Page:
How did Pharaoh’s daughter save Moses from her father’s threat?  What was brave about what she did?  How did what she did help Moses become a man who could lead his people to freedom?

 When you finish your explorations, everyone says together, “This is the Word of the Lord.”


Point out that every time we prayer the Lord’s Prayer, we pray, “Thy kingdom come, thy will be done on earth as it is in heaven.”  Note that the only way that prayer will come true is if we work at making it true.  God is counting on us.  Miriam, Moses’ mother, and pharaoh’s daughter all helped God’s will be done for Moses.  Invite worshipers to pray about ways God needs us to make the kingdom come today.


Leader:  There are lots of chores to do to keep a home going smoothly – cooking, cleaning, mowing, laundry, dusting, vacuuming…  The list goes on and on.  Help us find ways to share the chores at our home fairly.

All:  Thy kingdom come.  Thy will be done on earth as it is in heaven.     

Leader:  We all need to eat.  But in today’s world some people have more than enough to eat while others starve.  Help us find ways to see that everyone has enough food.

All:  Thy kingdom come.  Thy will be done on earth as it is in heaven.    

Leader:  It is not fair that some students have great computers and easy access to the internet for their school work and others do not.  Help us to find ways to change that.

All:  Thy kingdom come.  Thy will be done on earth as it is in heaven.    

Leader:  Immigrants at school have a hard time.  They have to learn a new language and new ways of doing things at the same time they are learning math and science and social studies.  Help us find ways to reach out the immigrants around us to make their way easier.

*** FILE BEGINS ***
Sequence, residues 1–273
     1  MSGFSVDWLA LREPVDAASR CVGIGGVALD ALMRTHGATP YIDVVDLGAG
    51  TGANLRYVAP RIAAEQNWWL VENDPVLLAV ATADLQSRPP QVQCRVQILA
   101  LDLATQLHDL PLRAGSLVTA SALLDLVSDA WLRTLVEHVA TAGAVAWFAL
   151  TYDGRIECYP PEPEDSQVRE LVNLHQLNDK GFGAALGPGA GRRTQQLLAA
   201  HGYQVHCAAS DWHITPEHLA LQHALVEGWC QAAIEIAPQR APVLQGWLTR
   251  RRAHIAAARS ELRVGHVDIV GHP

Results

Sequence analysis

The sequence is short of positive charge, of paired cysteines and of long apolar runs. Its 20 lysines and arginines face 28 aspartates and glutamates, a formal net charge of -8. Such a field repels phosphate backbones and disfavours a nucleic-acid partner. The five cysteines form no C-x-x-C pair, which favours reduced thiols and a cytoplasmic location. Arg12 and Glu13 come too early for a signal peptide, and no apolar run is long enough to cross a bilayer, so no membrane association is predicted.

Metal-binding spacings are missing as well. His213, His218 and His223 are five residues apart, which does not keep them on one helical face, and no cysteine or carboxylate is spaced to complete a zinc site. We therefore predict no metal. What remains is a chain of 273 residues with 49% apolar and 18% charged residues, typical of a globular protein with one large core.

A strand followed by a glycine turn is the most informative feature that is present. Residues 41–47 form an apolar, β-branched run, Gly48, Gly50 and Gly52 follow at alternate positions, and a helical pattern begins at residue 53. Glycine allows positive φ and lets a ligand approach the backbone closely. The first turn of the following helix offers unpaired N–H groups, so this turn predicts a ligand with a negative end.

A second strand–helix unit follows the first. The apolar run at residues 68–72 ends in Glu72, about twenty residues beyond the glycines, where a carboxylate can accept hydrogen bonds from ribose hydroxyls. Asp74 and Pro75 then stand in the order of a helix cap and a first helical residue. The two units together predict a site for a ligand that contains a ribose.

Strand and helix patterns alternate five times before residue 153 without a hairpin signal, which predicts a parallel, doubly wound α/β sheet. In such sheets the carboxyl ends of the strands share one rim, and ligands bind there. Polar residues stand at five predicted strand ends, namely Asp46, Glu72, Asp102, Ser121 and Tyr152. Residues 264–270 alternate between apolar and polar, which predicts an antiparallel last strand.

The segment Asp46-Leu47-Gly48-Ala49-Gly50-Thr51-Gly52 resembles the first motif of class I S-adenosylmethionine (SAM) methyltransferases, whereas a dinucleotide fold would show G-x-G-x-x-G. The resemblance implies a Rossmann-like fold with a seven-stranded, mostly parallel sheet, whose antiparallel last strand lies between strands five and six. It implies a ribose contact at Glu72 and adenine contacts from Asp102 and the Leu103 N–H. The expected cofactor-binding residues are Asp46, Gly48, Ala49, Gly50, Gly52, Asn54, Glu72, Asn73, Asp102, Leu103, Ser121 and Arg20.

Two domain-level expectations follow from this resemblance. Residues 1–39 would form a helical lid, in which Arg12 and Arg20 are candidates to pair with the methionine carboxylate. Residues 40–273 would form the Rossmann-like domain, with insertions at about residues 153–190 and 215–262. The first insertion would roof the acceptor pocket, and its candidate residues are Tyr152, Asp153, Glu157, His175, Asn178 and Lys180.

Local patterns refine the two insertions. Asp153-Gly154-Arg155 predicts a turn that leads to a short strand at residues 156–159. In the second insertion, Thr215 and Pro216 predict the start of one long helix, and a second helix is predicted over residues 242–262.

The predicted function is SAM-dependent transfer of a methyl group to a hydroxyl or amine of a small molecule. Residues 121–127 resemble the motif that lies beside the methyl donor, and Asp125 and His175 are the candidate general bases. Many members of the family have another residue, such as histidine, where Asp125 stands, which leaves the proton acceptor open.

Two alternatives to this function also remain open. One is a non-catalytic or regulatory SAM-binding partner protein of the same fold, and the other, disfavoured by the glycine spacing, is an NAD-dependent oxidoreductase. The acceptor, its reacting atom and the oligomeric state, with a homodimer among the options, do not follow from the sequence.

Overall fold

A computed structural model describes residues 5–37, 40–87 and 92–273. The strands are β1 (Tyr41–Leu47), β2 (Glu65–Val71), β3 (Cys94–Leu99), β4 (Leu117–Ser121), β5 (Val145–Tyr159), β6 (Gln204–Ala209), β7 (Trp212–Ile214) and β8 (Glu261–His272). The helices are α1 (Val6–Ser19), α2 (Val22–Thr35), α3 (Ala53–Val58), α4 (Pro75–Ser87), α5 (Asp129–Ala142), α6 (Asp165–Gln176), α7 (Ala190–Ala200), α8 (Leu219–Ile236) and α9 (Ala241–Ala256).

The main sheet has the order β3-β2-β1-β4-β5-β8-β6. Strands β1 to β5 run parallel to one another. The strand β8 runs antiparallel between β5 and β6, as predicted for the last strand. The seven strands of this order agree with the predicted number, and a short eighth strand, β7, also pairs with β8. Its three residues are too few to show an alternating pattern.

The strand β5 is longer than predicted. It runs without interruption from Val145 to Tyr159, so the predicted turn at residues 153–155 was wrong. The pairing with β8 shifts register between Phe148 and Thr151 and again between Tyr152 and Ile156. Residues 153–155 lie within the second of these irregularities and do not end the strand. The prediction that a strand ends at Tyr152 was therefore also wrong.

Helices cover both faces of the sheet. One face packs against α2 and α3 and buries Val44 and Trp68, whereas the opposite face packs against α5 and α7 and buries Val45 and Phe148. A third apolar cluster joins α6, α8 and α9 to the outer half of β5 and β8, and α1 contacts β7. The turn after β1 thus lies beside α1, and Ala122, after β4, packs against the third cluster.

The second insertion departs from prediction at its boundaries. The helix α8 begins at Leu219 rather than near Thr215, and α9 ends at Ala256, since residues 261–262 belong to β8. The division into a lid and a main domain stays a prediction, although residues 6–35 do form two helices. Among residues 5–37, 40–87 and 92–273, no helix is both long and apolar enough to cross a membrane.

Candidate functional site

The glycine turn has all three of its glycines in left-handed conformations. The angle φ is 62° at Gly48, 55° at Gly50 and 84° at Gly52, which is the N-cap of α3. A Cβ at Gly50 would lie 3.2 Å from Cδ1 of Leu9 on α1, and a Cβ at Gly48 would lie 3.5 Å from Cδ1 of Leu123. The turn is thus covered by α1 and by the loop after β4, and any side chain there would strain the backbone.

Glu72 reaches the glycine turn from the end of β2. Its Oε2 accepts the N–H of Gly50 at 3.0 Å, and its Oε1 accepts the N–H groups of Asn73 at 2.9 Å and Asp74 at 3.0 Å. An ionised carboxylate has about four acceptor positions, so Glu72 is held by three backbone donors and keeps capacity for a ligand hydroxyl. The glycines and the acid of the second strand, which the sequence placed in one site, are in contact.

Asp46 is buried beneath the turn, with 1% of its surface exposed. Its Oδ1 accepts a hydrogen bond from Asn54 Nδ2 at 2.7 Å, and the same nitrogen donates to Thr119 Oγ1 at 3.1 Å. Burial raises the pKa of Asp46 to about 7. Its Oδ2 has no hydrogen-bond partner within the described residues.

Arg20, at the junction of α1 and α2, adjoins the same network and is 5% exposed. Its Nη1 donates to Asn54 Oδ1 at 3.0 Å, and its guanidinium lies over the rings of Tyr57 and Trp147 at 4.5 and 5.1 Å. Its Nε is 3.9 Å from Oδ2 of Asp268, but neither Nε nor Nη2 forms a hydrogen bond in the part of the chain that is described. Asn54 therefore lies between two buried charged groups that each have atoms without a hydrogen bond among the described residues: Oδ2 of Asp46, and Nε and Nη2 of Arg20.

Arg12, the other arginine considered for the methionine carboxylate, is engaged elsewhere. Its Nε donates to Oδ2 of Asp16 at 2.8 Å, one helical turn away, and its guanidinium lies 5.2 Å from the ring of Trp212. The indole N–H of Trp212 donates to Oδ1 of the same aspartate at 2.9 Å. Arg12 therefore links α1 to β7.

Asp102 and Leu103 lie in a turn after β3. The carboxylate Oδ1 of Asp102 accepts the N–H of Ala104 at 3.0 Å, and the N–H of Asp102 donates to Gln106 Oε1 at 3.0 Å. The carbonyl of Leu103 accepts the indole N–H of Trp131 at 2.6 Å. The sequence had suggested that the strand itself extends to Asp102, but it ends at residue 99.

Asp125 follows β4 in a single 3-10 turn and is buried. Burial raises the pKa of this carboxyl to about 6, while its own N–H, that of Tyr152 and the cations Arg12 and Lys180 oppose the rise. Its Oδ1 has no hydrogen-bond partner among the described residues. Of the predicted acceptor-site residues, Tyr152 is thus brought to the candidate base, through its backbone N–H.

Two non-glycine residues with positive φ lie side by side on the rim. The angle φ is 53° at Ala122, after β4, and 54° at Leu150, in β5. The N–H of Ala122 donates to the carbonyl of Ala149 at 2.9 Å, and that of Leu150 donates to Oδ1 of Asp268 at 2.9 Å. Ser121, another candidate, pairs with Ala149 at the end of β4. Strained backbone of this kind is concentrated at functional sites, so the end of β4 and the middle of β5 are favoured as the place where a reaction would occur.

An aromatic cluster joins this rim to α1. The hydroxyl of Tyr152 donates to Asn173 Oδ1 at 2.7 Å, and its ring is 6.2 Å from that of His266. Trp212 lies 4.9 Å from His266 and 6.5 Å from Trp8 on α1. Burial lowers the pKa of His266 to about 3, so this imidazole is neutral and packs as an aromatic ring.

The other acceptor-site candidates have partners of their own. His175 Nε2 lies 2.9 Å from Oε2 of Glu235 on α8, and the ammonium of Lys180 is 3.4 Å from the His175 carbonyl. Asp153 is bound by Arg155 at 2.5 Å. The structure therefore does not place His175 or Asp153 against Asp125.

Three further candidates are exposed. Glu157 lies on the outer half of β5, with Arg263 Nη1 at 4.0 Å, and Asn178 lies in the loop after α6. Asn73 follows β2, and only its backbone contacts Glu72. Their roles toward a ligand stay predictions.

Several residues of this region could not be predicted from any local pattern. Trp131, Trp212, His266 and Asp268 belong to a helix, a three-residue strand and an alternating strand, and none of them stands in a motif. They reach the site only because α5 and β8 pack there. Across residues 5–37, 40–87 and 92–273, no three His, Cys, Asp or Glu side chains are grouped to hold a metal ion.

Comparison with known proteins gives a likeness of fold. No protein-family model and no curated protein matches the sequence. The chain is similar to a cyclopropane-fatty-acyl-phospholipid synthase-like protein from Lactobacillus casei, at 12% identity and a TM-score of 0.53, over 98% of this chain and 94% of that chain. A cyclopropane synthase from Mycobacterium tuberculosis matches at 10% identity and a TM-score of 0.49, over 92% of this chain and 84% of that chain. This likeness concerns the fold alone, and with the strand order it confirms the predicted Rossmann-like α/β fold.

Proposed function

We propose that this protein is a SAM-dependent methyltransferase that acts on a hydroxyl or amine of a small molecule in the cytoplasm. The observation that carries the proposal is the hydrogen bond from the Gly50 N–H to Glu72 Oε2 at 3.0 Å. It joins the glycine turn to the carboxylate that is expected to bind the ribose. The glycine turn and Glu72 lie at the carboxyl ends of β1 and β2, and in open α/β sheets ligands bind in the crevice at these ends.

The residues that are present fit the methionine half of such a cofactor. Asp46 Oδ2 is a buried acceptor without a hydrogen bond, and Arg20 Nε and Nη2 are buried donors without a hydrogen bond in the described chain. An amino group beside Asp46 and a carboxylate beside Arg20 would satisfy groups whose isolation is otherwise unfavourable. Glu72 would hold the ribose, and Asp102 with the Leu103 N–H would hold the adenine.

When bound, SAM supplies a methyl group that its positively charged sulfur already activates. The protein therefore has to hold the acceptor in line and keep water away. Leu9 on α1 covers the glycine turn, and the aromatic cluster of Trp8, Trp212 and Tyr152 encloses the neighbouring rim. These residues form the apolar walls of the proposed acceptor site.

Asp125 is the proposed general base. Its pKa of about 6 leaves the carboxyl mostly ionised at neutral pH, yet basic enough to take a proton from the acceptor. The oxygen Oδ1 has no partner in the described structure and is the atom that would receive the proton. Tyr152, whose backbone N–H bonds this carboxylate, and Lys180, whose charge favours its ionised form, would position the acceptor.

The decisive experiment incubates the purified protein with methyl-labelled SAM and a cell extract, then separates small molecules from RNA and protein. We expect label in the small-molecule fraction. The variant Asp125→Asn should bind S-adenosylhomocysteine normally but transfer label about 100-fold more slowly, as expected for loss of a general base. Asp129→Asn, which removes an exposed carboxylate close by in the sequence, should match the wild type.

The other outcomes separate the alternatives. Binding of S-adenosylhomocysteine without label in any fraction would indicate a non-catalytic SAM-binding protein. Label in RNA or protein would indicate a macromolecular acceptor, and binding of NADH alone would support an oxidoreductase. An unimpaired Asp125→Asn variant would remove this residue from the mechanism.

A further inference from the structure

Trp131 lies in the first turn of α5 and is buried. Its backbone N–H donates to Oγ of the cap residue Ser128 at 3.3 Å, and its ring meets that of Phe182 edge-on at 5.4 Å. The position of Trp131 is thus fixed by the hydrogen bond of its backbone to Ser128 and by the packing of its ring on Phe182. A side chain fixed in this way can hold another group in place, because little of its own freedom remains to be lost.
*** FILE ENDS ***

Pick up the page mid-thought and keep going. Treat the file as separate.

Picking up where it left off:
All:  Thy kingdom come.  Thy will be done on earth as it is in heaven.    

Leader:  There is lots of talk about racial injustice today.  That is a problem that seems too big for us to solve.  Help us find little ways that we can insist that the races treat each other fairly.

All:  Thy kingdom come.  Thy will be done on earth as it is in heaven.    

Leader:  We pray all these things in the name of Jesus  who taught us to pray, “Our Father who art in heaven……”



To help God’s Kingdom come in your own household make coupons promising to do chores to even things up a little this week or do things that will make life easier for another member of your family this week – “I will read you one story each day”  “I will play with the baby while you fix supper”  “I will set the table every day.”  When you finish say a brief prayer giving your gifts to God and sing whatever song you sing at offering time at church.



Each member of the family says to at least one other person, “Go in peace.  God loves you and I love you.”  This may be done by going around the circle or with each member of the family saying it to every other member of the family.